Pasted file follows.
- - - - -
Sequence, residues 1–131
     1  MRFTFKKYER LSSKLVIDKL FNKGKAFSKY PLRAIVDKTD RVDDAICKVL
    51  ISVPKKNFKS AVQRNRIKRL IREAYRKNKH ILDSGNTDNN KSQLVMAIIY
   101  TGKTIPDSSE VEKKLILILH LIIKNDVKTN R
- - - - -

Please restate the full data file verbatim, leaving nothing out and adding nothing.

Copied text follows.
Sequence, residues 1–131
     1  MRFTFKKYER LSSKLVIDKL FNKGKAFSKY PLRAIVDKTD RVDDAICKVL
    51  ISVPKKNFKS AVQRNRIKRL IREAYRKNKH ILDSGNTDNN KSQLVMAIIY
   101  TGKTIPDSSE VEKKLILILH LIIKNDVKTN R